NZ's new PM Jacinda Ardern & the rise of young leaders

NZ’s new PM Jacinda Ardern & the rise of young leaders

Jacinda Ardern
There’s hope in the world when it comes to women in global leadership.

Jacinda Ardern will become the next prime minister of New Zealand, by forming a minority government with the New Zealand First party.

And she finally brings a female face to the growing list of world leaders who’re in their thirties.

The news comes after weeks of negotiating with the NZ First party, with the minority party’s leader Winston Peters announcing he would back Ardern’s Labour party during a television event this afternoon.

Jacinda is the country’s third female PM and, at 37, its second youngest PM in NZ history (the youngest, at 37 and 40 days, started his term in the mid 1800s).

Ardern’s proven herself to be warm, engaging, and with the ‘human face’ Peters said he was looking for. Some say she’s got the “Trudeau factor”, being young, photogenic, and popular with the youth bloc.

Back in August, former NZ PM Helen Clark even made the Justin Trudeau comparison, suggesting the internationally unknown Ardern could be part of a growing trend of young leaders.

“We have seen Emmanuel Macron come out of nowhere at 39 to be the president of France, we have seen Justin Trudeau cruise to the top and be so successful, so these are very different times.” 

Indeed, Ardern becomes the twelfth current head-of-state in their thirties. The youngest is Austria’s Sebastian Kurz, at just 31. Ardern’s the only female on the thirty-something power list.

Unfortunately for Ardern, it’s unlikely to be an easy term in government. Indeed, the support of the NZ First party will come at a cost, starting with Peters becoming deputy prime minister. His party is also expected to get four cabinet positions, and a very good say on some of their key policy initiatives — which include cuts to migration, and a crackdown on foreign ownership of land.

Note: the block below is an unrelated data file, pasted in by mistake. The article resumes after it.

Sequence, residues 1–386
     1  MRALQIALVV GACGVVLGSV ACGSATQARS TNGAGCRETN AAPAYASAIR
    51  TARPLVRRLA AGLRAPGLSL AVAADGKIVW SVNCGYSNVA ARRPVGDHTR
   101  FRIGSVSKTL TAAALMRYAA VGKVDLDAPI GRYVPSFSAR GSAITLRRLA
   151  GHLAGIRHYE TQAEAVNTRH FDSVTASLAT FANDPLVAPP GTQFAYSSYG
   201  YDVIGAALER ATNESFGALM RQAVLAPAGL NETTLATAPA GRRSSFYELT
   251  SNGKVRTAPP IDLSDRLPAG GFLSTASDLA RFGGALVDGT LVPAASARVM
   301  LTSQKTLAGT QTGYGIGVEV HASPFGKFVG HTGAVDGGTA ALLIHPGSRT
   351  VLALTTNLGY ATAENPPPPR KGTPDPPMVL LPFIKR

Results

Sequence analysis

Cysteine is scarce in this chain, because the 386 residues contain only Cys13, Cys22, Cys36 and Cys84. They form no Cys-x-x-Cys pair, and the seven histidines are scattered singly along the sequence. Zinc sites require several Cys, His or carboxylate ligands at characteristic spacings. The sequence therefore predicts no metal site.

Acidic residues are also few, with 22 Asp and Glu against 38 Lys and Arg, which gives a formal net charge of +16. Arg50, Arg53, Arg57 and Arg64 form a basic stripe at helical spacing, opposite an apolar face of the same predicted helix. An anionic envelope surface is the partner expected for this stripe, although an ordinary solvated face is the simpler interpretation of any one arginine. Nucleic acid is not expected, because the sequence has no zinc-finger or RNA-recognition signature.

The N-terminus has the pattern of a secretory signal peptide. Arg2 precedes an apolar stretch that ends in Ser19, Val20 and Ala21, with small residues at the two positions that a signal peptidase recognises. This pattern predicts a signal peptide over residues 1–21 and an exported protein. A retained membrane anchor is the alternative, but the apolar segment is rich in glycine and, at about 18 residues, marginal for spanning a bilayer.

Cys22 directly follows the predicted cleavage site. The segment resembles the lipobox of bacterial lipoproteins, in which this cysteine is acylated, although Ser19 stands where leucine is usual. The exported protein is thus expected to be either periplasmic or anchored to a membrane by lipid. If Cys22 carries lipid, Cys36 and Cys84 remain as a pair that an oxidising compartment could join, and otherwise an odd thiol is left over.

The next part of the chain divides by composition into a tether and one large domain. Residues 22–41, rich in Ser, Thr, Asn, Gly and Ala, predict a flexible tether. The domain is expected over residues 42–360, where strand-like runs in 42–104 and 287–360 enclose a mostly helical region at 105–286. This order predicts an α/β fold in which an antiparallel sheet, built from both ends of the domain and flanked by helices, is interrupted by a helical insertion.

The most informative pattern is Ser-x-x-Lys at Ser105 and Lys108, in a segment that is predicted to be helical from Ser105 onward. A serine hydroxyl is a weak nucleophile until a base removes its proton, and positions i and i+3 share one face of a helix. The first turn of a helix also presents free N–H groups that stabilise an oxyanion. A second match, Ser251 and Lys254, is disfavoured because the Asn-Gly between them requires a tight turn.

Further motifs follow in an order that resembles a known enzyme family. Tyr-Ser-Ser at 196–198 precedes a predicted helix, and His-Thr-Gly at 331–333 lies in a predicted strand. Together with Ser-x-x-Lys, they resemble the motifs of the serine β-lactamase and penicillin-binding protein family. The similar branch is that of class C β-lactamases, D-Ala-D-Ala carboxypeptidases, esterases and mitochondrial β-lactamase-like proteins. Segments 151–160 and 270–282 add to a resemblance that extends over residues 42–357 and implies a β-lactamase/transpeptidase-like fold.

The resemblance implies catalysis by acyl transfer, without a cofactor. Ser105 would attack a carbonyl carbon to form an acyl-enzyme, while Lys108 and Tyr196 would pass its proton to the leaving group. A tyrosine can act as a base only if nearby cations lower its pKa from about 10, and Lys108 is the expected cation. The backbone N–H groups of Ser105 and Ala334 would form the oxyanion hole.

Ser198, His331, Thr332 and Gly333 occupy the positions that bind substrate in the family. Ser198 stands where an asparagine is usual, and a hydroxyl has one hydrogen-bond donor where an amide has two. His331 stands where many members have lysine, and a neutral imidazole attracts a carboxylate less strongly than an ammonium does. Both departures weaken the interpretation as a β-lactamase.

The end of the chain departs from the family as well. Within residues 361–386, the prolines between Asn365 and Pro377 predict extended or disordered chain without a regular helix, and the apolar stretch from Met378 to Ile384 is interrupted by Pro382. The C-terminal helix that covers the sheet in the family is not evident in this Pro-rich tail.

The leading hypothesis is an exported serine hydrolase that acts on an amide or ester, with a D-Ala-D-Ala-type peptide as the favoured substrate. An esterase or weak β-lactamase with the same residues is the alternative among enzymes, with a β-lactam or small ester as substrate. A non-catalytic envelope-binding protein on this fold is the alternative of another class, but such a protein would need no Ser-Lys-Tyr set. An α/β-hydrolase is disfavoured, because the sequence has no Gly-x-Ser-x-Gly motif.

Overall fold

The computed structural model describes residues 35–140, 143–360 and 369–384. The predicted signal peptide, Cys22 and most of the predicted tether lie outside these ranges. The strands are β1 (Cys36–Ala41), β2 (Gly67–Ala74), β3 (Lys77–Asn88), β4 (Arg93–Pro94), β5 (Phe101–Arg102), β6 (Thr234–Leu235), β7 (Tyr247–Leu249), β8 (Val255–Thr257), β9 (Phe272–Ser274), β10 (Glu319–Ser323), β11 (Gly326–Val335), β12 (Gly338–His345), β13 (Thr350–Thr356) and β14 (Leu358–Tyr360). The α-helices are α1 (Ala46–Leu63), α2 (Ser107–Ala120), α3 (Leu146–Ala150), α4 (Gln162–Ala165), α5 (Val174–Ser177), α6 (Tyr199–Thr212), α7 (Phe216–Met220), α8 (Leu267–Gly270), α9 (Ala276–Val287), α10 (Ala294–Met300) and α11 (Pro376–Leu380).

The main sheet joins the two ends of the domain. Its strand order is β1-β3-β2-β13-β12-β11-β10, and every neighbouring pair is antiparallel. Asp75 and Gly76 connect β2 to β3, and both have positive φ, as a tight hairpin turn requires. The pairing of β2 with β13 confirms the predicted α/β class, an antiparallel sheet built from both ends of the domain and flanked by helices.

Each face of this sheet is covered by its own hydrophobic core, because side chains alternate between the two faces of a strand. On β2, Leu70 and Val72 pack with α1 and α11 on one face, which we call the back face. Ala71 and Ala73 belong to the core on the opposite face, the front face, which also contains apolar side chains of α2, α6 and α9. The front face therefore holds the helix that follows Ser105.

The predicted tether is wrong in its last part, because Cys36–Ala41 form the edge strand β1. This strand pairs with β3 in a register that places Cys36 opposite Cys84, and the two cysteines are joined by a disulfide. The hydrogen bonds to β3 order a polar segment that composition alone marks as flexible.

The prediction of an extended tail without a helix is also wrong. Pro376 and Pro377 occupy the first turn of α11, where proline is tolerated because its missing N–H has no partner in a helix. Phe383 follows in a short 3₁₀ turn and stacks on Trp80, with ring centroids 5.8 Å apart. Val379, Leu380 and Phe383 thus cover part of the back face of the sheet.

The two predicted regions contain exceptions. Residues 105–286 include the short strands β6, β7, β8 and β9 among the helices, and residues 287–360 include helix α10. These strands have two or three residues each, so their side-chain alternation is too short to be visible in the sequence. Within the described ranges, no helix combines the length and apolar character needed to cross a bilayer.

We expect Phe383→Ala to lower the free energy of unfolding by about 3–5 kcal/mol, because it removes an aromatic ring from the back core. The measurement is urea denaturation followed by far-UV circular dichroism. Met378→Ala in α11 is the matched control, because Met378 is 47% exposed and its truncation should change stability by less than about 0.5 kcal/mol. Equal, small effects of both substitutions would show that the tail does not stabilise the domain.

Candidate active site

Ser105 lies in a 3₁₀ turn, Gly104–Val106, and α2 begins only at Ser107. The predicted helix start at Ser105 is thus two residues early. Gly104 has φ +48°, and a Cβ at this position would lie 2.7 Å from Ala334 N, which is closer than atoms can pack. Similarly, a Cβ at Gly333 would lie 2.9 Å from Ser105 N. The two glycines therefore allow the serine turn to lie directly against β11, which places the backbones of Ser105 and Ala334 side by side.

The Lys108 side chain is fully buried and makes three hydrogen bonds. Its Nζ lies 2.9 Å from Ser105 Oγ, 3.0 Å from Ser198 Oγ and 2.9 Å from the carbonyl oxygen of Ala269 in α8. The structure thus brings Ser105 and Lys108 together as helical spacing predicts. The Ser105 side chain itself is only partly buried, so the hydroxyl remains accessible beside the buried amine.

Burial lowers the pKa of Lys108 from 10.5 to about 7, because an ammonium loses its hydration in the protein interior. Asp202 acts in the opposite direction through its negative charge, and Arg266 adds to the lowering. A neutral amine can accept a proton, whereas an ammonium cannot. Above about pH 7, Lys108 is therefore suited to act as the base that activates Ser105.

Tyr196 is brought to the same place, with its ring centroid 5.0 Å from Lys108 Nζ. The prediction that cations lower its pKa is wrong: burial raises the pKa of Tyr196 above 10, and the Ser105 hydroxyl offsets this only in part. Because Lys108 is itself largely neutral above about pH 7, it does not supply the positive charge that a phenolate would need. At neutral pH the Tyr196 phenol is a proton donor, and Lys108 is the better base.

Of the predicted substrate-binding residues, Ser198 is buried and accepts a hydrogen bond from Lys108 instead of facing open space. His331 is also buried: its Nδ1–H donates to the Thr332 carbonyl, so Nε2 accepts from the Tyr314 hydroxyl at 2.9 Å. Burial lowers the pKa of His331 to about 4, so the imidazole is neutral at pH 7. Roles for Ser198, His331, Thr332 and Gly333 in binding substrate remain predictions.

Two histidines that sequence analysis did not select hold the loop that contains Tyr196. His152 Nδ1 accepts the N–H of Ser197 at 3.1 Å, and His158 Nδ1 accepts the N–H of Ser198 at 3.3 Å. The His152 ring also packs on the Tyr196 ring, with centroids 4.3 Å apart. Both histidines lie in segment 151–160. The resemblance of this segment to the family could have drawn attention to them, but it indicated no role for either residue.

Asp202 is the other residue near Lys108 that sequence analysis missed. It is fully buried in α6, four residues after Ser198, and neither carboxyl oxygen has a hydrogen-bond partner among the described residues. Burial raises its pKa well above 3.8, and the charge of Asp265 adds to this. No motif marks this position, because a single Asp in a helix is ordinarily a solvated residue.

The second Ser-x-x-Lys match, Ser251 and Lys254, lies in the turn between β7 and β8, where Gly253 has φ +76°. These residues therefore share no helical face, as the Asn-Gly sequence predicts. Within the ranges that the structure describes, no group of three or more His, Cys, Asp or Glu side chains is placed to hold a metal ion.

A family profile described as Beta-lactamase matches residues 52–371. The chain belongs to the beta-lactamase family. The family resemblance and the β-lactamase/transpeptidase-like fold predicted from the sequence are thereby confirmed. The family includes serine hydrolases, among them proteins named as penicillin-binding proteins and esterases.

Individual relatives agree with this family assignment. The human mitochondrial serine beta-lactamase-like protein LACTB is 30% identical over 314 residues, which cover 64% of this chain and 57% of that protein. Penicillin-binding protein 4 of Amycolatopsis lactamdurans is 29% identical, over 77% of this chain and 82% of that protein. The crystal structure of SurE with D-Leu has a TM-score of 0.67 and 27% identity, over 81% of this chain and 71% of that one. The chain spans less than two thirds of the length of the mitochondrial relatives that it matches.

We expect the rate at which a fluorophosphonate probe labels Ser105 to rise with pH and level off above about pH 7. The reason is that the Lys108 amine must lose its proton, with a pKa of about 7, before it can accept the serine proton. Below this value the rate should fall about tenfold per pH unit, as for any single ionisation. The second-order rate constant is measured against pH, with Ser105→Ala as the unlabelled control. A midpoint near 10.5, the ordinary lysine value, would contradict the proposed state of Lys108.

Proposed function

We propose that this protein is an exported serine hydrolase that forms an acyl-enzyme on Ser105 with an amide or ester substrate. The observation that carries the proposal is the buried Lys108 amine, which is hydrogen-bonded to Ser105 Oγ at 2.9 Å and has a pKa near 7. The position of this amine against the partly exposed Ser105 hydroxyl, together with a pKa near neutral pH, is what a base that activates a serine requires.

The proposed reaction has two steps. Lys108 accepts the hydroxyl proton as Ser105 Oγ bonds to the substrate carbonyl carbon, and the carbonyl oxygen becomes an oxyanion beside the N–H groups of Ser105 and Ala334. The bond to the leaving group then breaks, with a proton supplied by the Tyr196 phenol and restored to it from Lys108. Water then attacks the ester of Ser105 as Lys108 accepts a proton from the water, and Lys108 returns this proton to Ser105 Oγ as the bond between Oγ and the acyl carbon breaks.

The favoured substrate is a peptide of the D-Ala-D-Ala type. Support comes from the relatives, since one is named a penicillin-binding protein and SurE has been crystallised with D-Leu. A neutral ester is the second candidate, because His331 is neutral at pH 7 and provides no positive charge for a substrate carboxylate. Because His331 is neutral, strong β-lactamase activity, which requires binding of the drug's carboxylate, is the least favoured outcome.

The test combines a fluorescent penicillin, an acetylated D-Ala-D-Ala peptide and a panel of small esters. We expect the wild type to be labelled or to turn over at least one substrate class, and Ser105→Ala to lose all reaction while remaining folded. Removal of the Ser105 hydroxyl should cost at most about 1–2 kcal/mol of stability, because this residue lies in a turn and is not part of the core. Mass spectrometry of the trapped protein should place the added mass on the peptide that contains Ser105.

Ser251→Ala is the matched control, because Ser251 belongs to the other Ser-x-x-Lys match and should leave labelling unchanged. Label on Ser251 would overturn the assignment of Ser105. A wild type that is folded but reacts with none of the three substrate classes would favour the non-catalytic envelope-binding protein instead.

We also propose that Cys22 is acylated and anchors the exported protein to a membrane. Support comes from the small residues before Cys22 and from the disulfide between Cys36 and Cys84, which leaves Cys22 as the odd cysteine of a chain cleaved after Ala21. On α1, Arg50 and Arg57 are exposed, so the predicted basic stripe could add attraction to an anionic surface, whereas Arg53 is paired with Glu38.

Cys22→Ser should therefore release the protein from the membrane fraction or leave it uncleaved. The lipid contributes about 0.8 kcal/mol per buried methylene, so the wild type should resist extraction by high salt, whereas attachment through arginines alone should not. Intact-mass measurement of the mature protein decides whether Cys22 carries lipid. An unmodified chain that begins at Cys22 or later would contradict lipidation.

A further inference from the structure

Peters is 72, as the ABC is reporting today, he may very well be thinking about his legacy and pushing change in NZ. He’s also indicated he wants softer capitalism: “Capitalism must resume a human face,” he said yesterday.

Just how Ardern will work with Peters remains to be seen.

Still, this is a massive victory for Ardern, who only became leader of the Labour party on August 1, just months prior to the election. At the time, Labour was headed for a massive defeat. Ardern’s managed to turn things around in an impressively short amount of time. The fact she could do so, proves just how “human” she really is.

Ardern can expect to face sexism, especially leading a minority government (Julia Gillard’s time as PM of Australia’s a good case in point). But Ardern’s proven she’s well equipped to deal with whatever comes her way. When she was asked about her “baby plans” within days of taking the leadership of the Labour party, her response was swift and won international headlines: “It is totally unacceptable in 2017 to say that women should have to answer that question in the workplace,” she said.

Ardern said in a statement that her party would aspire to build a fairer country.

“This is an exciting day. We aspire to be a government for all New Zealanders and one that will seize the opportunity to build a fairer, better New Zealand,” she said.

“We will work hard to ensure New Zealand is once again a world leader, a country we can all be proud of. We said we could do this, we will do this.”

Peters said his decision to support the Labour party was made for the “New Zealand people” and that it would produce “change” rather than merely modifying the “status quo” — as his support to the Bill English led National party would have done.

He said that capitalism has not been “the friend but the foe” for too many New Zealanders.

“We believe capitalism must regain its human face, and that conviction deeply influenced our decision.”

“We had a choice for a modified status quo or for change. That’s why in the end we chose a coalition government with NZ First and the Labour party.”

He added that Ardern had shown her talent during the election campaign.

Ardern also apparently only learnt that her party had been chosen to lead by NZ First at the time of the press conference.

Meanwhile, how will Ardern work with Australia?

During the election, Australian Foreign Minister Julie Bishop attacked the NZ Labour party after it raised questions about the citizenship of Barnaby Joyce. Bishop said at the time that she’d “find it very hard to build trust” with the Labour party should it win government.

Bishop told Australian media overnight that she looks forward to working with the new NZ government.

Congratulations Jacinda Ardern.

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